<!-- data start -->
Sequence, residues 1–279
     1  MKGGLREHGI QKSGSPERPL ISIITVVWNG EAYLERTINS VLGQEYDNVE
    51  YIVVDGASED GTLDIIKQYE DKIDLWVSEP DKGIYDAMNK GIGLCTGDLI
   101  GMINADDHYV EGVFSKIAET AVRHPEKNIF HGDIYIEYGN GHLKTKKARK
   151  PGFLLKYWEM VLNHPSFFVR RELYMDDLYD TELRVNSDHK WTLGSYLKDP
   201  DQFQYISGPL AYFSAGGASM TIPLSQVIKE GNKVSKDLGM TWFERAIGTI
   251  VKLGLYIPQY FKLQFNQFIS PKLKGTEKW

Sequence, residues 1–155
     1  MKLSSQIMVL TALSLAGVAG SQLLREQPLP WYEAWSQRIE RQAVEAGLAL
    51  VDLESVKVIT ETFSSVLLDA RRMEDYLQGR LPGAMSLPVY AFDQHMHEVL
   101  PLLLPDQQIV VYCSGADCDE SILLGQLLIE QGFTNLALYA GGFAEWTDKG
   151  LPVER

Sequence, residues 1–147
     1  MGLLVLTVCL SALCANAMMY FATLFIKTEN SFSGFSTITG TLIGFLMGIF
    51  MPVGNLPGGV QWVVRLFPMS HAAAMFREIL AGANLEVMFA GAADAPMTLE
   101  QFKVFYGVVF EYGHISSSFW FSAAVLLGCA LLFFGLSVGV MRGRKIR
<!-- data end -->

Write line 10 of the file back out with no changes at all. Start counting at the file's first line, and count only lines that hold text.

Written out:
    51  VDLESVKVIT ETFSSVLLDA RRMEDYLQGR LPGAMSLPVY AFDQHMHEVL